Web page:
Published here March, 2004.

Introduction | Applying Knowledge Mapping
Project Management Maturity Model | American Productivity & Quality Center Perspective
Not the Answer We Expected 

Instead, a Project Management Maturity Model?

Today, the hot topic-of-the-moment is the Organization Project Management Maturity Model, or OPM3 for short, now being sold by the Project Management Institute for $345US (regular single user price). This product is the result of an extensive volunteer member project effort commenced at around the same time (May, 1998) as my paper. According to John Schlichter, the original volunteer program manager, the OPM3 "[will describe] the capabilities likely to lead organizations managing by projects to become increasingly more capable in the translation of organizational strategy into successful and consistent delivery of projects."[3]

The input to the project is derived from interviews, surveys and the opinions of participants. At the end of the day, the result is no doubt a good record of what organizations are doing at each level of defined "maturity". Bear in mind, however, that just because everyone is doing it does not mean to say that it is the right nor the best thing to do. It only tells you what your most formidable competition is doing which, of course, is a help. More importantly, one wonders how reliable are the findings if the communication issues we listed above still exist.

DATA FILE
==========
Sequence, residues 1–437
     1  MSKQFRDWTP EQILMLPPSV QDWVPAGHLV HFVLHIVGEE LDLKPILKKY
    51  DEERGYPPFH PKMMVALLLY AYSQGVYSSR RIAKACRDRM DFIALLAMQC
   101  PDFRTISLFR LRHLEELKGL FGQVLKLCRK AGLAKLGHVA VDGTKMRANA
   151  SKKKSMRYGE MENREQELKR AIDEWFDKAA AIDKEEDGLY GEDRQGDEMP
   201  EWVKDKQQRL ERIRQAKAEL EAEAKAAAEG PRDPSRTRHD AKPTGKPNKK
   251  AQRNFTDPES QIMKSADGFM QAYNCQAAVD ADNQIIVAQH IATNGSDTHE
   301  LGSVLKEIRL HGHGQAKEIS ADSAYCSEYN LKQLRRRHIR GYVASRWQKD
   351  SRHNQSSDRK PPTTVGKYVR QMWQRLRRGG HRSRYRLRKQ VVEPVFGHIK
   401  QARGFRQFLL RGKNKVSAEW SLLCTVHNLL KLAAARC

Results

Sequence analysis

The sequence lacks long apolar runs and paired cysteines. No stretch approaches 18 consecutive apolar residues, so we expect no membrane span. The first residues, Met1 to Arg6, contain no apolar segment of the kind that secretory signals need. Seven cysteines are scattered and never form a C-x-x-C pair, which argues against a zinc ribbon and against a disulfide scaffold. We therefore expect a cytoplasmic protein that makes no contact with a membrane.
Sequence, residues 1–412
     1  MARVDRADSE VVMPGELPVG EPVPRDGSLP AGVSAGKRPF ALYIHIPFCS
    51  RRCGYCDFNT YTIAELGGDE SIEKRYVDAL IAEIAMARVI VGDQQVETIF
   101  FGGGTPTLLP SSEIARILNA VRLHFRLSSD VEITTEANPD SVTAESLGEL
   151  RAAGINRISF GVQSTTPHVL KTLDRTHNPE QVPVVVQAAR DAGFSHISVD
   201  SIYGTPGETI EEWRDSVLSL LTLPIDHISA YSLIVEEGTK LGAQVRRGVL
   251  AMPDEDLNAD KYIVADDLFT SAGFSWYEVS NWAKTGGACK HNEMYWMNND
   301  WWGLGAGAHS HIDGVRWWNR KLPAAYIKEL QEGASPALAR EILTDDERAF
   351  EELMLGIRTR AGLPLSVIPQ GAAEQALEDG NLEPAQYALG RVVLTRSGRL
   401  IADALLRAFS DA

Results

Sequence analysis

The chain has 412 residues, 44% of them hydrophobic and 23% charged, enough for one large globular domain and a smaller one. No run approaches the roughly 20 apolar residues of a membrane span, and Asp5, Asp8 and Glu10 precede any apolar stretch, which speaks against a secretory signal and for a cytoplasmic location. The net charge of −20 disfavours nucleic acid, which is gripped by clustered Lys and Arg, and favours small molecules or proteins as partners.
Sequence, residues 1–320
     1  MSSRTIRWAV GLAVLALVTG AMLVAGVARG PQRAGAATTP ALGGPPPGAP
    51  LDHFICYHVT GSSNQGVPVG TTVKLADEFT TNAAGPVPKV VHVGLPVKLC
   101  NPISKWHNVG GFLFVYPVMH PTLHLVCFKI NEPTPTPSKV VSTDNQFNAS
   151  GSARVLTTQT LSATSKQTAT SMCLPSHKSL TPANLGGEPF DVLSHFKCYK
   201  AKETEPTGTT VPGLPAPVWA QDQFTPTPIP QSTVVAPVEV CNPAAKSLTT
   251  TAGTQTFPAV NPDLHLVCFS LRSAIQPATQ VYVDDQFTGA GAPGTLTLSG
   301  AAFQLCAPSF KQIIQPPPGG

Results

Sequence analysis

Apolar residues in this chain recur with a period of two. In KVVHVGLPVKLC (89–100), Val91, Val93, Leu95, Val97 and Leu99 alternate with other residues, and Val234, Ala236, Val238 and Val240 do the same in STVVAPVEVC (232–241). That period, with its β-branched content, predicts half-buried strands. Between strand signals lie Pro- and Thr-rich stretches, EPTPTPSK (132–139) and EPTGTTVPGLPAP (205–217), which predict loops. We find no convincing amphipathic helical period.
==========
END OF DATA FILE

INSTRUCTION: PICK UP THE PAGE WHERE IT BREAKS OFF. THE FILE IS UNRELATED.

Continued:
In spite of attempts over the same period, the project management community has been unable to come up with an agreed project management knowledge structure. In our view, without some structure, and all that necessarily goes with it, it is not possible to conduct effective communication of the issues. Of these issues, perhaps the most important one is: "Where are the gaps in our knowledge of project management?" Without establishing this, any OPM3 must surely fall short.

Introduction  Applying Knowledge Mapping

3. Schlichter, J., Program Plan, September 2000, p4
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